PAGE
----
The company also began offering short-term contracts as a way to discourage beer promoters from joining the union, as well as giving union leaders morning shifts where they cannot make additional wages through overtime or larger sales. Ongoing fear of police brutality and dismissal continue to keep trade union activism and mobilization in check.
In other parts of the world, millions of women work under – and fight – similar conditions, upheld by the same logic. 85% of sweatshop workers are women between 15-25 years old, where stories abound of managers calling women workers into the back of workrooms, trying to touch or grope them and threatening to fire them if they refuse.
Around the world, 1 in every 13 female wage earners is a domestic worker, and only 10% of them are employed in countries that extend them equal protection under national labour laws. About 30% of them work in countries that exclude them from labour laws completely. Basically, the threat and exercise of sexual abuse and harassment of women is the cultural grease that keeps profits flowing efficiently across the globe.
Time for binding agreements
But feminists and human rights advocates have been, and continue to mobilize for gender and economic justice. In October 2017, 14 organizations came together to request the integration of a gender approach into a long-awaited international legally binding treaty to hold corporations accountable for human rights abuses.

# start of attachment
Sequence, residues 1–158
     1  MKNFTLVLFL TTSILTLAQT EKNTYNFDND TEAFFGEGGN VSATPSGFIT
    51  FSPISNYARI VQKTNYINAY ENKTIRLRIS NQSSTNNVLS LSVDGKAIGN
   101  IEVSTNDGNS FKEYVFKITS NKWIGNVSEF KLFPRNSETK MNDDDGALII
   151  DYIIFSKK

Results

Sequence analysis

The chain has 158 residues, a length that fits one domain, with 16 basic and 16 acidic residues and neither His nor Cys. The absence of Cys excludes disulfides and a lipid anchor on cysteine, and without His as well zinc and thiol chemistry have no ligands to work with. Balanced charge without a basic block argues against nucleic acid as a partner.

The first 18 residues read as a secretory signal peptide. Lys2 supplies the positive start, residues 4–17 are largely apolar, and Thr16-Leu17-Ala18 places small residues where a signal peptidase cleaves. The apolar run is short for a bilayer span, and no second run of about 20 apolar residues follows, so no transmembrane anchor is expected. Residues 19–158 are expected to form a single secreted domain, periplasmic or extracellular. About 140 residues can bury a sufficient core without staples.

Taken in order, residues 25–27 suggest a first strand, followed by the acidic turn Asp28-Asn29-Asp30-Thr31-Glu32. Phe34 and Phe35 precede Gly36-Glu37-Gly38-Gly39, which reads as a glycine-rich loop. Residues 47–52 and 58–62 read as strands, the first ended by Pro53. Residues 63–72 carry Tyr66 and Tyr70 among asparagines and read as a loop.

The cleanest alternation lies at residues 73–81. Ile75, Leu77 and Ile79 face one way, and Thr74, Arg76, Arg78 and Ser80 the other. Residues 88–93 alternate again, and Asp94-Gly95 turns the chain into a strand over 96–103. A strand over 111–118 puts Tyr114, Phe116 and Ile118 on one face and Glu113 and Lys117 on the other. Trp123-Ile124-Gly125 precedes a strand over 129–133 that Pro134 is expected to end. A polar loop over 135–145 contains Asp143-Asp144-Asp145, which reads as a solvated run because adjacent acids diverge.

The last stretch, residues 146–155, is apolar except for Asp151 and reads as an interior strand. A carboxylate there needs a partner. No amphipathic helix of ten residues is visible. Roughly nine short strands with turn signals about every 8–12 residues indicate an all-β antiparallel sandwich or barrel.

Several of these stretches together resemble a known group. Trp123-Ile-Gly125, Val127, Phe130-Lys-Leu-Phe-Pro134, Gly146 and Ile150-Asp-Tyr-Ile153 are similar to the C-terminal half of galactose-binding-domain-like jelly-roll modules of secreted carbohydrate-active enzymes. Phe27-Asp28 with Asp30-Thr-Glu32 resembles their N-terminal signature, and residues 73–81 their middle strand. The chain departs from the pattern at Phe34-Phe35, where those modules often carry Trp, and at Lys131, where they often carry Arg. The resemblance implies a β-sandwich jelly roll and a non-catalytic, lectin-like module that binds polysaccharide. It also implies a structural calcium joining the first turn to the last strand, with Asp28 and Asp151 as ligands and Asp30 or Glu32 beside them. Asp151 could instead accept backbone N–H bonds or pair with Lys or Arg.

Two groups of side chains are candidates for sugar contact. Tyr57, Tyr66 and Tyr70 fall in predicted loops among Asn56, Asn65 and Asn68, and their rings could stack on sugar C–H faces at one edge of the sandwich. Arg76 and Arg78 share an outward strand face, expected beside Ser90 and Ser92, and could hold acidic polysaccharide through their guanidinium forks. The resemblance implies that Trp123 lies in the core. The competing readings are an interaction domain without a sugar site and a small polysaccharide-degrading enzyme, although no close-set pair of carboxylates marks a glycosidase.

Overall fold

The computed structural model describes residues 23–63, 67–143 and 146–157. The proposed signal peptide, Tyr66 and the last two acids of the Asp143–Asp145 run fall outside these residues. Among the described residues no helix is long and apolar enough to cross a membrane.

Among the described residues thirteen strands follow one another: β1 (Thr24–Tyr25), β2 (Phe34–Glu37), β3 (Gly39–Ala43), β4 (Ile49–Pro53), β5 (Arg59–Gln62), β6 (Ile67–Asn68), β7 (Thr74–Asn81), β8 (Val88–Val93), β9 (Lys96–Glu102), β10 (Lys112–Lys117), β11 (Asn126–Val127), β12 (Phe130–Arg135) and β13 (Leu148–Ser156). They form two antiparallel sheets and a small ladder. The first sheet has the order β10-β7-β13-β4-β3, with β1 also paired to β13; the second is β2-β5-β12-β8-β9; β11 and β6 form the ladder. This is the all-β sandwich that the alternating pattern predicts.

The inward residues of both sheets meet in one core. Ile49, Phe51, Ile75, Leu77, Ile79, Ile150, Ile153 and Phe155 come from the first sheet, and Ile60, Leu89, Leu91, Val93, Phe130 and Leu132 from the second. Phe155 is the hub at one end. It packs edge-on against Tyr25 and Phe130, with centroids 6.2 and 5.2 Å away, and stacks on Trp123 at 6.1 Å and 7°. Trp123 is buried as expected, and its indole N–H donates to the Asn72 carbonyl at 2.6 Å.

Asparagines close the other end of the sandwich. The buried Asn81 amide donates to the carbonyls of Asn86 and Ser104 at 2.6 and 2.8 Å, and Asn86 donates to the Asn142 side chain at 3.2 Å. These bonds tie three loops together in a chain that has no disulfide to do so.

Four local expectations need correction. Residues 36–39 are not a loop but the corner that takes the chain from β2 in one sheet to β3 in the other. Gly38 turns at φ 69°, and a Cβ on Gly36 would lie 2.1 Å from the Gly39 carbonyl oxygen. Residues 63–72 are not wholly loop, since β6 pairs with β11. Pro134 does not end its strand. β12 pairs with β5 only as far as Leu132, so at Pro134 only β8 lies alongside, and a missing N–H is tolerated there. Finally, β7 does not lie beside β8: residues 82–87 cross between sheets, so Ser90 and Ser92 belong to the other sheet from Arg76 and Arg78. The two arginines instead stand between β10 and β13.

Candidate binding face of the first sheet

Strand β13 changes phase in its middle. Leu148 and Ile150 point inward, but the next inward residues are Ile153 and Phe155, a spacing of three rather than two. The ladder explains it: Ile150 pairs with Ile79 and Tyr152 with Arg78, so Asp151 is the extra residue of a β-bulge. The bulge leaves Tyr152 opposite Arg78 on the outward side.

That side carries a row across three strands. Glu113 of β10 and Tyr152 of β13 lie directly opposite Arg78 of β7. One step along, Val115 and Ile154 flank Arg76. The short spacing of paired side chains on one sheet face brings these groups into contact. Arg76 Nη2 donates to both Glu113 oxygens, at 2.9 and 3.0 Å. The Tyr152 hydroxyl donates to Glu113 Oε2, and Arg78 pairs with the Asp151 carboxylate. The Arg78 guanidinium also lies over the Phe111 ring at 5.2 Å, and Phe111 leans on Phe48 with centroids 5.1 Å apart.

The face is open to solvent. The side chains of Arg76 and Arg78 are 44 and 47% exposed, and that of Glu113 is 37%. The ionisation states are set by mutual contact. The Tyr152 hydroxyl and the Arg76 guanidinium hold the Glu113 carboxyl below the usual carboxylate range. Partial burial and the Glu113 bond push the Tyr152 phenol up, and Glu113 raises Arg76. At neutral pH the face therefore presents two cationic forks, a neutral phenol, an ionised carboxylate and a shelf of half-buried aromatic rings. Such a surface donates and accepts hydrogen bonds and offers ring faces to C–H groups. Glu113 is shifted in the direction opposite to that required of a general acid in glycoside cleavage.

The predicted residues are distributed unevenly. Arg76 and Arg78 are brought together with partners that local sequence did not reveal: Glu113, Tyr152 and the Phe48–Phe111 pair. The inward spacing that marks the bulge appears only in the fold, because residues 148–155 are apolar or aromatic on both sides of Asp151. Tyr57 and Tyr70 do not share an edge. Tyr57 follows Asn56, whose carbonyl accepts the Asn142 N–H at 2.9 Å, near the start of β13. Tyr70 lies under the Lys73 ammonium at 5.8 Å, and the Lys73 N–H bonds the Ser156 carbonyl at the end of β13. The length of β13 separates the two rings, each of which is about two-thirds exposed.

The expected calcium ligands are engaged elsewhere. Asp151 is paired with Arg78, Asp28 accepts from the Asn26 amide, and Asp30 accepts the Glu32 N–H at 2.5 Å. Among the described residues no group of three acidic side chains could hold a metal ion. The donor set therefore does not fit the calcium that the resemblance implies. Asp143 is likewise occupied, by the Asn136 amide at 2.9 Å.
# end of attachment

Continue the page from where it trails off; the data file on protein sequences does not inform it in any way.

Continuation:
It would include assessments of the impact of business activities on women’s lives, ensuring that women can get justice in courts and creating conditions that are safe, respectful, and enabling for women human rights defenders. It would challenge corporate impunity and legally oblige businesses to uphold international human rights standards all over the world.
At the same time, the International Trade Union Confederation and others have been mobilizing with a campaign for the International Labour Union (ILO) to adopt a comprehensive convention on violence and harassment against men and women in the world of work. This convention is a step in the right direction – towards transforming workplaces to become safer and dignified spaces for people of all gender identities.
On March 8, International Women’s Day, the intergovernmental working group on the binding treaty will present its report at the Human Rights Council in Geneva – more than 100 years since women garment workers came out to the streets to demand fair working conditions.
Today, working spaces are often still exclusionary, exploitative and unsafe, particularly for women, trans and non-binary people and global south communities, as well as for queer and racialised people, for differently able-bodied people, and for migrant communities. It is time we responded to that long-standing demand for the human rights of all workers to be respected.
No one international treaty will hold all the solution, but it is a reminder that in order to stop violence against women in the workplace, a structural change is needed in our economic and human rights systems, and the struggle is long underway.